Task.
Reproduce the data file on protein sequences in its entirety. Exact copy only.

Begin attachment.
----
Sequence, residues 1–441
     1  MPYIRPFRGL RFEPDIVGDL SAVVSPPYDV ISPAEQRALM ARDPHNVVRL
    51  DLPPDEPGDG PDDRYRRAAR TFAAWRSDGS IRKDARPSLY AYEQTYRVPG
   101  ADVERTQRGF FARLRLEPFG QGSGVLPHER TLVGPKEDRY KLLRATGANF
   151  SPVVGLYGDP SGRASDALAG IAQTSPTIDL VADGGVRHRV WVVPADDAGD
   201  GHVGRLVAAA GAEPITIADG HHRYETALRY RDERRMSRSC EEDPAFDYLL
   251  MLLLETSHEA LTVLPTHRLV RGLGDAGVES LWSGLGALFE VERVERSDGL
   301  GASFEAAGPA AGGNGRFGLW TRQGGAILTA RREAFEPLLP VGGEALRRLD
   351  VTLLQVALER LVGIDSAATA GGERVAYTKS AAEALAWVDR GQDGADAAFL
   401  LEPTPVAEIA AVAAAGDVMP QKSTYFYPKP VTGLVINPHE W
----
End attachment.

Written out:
Sequence, residues 1–441
     1  MPYIRPFRGL RFEPDIVGDL SAVVSPPYDV ISPAEQRALM ARDPHNVVRL
    51  DLPPDEPGDG PDDRYRRAAR TFAAWRSDGS IRKDARPSLY AYEQTYRVPG
   101  ADVERTQRGF FARLRLEPFG QGSGVLPHER TLVGPKEDRY KLLRATGANF
   151  SPVVGLYGDP SGRASDALAG IAQTSPTIDL VADGGVRHRV WVVPADDAGD
   201  GHVGRLVAAA GAEPITIADG HHRYETALRY RDERRMSRSC EEDPAFDYLL
   251  MLLLETSHEA LTVLPTHRLV RGLGDAGVES LWSGLGALFE VERVERSDGL
   301  GASFEAAGPA AGGNGRFGLW TRQGGAILTA RREAFEPLLP VGGEALRRLD
   351  VTLLQVALER LVGIDSAATA GGERVAYTKS AAEALAWVDR GQDGADAAFL
   401  LEPTPVAEIA AVAAAGDVMP QKSTYFYPKP VTGLVINPHE W